Palden Lhamo, the protector deity of all incarnations of Dalai Lama. She is the only female Dharampala among the 8 Dharampalas

According to another tradition, Palden Lhamo, the female Dharma protectress of the Gelug tradition, and the guardian spirit of the scared lake of Lhamo Lhatso (lha mo lha mtsho) came into Gendun Drun’s vision and promised that she would protect the reincarnation lineage of the Dalai Lamas. [10]Tsemrinpoche To present, she remains the personal Dharampala (Dharma protector) of all the reincarnations of the Dalai Lama. Gedun Gyatso, the 2nd Dalai Lama, formalized coming to the sacred lake as a customary practice for monks to seek a vision with guidance about the whereabouts of the next reincarnation of the Dalai Lama. [11]The Story of Tibet: Conversations with the Dalai Lama

Lhamo Latso, Gyatsa, Tibet

Lhamo Latso, Gyatsa, Tibet


Upon entering the Nartang monastery, he took upāsaka lay vows from the fourteenth abbot,  Khenchen Drubpa Sherab (1357-1423) and in 1405, at the age of 15 he took his novice vows where he received the name Gendun Drubpa Pel (dge ‘dun grub pa dpal). In 1411, he took his  Bhiksu (monk) vows and became a fully ordained monk. [12]The Treasury of Lives He passed the 12 grades of monkhood in 12 years, taking the highest vows after his ordination. [13]The Titi Tudorancea Bulletin

Narthang Monastery, Shigatse

Narthang Monastery, Shigatse, where Gendun Drub became a fully ordained monk



In 1432, Gendun Drub became the Abbot of the Sakya monastery Tanak Riku and converted it into a Geluk monastery. [14]The Treasury of Lives After the death of Tsongkhapa’s successor, Khedrup Je (the 1st Panchen Lama, 1385–1438), Gendun Drup assumed the leadership of the Gelugpa. He later became the Abbot of Drepung Monastery, Lhasa. [15]The Titi Tudorancea Bulletin He entered a meditation retreat at Narthang in 1441 at the age of 50. [16]The Titi Tudorancea Bulletin He held great prayer festivals twice at Tashi Lhunpo, one in 1463 and the next one in 1474, which was attended by around 1600 monks and 10000 laypeople. [17]The Treasury of Lives Gendun Drub founded Tashi Lhunpo Monastery in 1477 in Shigatse, Tsang, despite strong opposition from the dominating Sakya and Kagyu monasteries. Its establishment increased the influence of Gelugpa in Tsang. He also established three religious colleges in Shigatse. Tashi Lhunpo Monastery became the fourth great Gelugpa monastery in Tibet after Ganden, Drepung and Sera Monasteries. Gendun Drub remained the Abbot of Tashi Lhunpo Monastery until his death. [18]The Titi Tudorancea Bulletin The Monastery now serves as the seat of the Paṇchen Lama incarnation line.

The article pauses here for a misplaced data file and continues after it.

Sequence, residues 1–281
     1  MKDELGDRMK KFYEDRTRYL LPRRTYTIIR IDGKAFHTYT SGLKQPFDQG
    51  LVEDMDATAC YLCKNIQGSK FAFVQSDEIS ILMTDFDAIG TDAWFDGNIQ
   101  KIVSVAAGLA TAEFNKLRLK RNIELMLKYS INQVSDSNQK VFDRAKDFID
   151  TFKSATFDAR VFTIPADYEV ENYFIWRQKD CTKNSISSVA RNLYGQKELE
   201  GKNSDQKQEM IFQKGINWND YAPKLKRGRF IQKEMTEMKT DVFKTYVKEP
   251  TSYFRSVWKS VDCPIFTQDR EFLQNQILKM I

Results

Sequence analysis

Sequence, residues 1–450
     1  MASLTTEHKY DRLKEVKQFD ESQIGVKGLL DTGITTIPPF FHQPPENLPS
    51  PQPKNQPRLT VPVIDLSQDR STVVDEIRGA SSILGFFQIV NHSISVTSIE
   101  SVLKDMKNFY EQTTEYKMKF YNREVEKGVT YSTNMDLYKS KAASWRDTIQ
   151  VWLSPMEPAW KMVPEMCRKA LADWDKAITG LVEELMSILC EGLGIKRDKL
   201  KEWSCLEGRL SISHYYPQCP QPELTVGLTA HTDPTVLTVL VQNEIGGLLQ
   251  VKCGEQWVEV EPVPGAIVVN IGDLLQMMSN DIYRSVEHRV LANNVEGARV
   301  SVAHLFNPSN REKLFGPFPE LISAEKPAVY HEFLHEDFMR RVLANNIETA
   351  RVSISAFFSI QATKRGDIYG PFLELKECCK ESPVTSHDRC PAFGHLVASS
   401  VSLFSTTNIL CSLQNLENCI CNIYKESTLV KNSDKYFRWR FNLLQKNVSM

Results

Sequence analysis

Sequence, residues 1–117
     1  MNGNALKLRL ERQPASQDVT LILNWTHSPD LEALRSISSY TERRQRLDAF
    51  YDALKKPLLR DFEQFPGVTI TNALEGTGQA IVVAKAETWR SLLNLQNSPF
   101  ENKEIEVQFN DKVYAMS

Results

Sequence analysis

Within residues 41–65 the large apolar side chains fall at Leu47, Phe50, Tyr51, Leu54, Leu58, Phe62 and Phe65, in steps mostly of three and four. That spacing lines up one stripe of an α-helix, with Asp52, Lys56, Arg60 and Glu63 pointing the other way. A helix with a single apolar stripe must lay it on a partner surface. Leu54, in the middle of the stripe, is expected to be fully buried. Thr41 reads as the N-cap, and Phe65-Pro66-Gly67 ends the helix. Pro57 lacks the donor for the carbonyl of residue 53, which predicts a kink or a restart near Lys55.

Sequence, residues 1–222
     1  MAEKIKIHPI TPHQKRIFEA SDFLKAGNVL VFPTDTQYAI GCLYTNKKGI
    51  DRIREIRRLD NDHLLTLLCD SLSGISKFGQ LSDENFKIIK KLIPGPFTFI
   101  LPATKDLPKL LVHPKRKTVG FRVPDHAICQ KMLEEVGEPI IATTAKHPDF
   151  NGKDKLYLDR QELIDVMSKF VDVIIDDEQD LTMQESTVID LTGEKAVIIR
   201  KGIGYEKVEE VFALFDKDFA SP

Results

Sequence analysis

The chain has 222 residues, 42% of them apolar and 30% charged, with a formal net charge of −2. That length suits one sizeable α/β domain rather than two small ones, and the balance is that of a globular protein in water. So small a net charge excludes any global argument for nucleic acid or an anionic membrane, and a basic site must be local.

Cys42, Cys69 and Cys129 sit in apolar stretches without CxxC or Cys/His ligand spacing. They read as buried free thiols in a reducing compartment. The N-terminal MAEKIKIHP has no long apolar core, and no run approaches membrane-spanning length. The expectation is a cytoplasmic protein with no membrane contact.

Tashi Lhunpo Monastery, Shigatse, Tibet

Tashi Lhunpo Monastery, Shigatse, Tibet

Gendun Drub had no political role. The political intervention of Dalai Lamas began much after his time after the enthronement of the 5th Dalai Lama.



In 1474, at the age of 84, Gendun Drub passed away while meditating at Tashi Lhunpo Monastery. Before his death, he went on foot to visit Narthang Monastery for his final teaching tour. [19]The Titi Tudorancea Bulletin



  • He was known as the “Perfecter of the Monkhood” and often called Panchen Gendun Drup, ‘Panchen’ being the title meaning ‘great scholar.’
  • He was identified as an emanation of Avalokiteshvara, the compassionate bodhisattva.
  • The Sakya master Tangtong Gyelpo (1361-1485) allegedly tried to prevent him from establishing Tashi Lhunpo Monastery in Shigatse. [20]The Treasury of Lives
  • His mortal remains were laid to rest at Tashi Lhunpo Monastery and can be seen in the present time.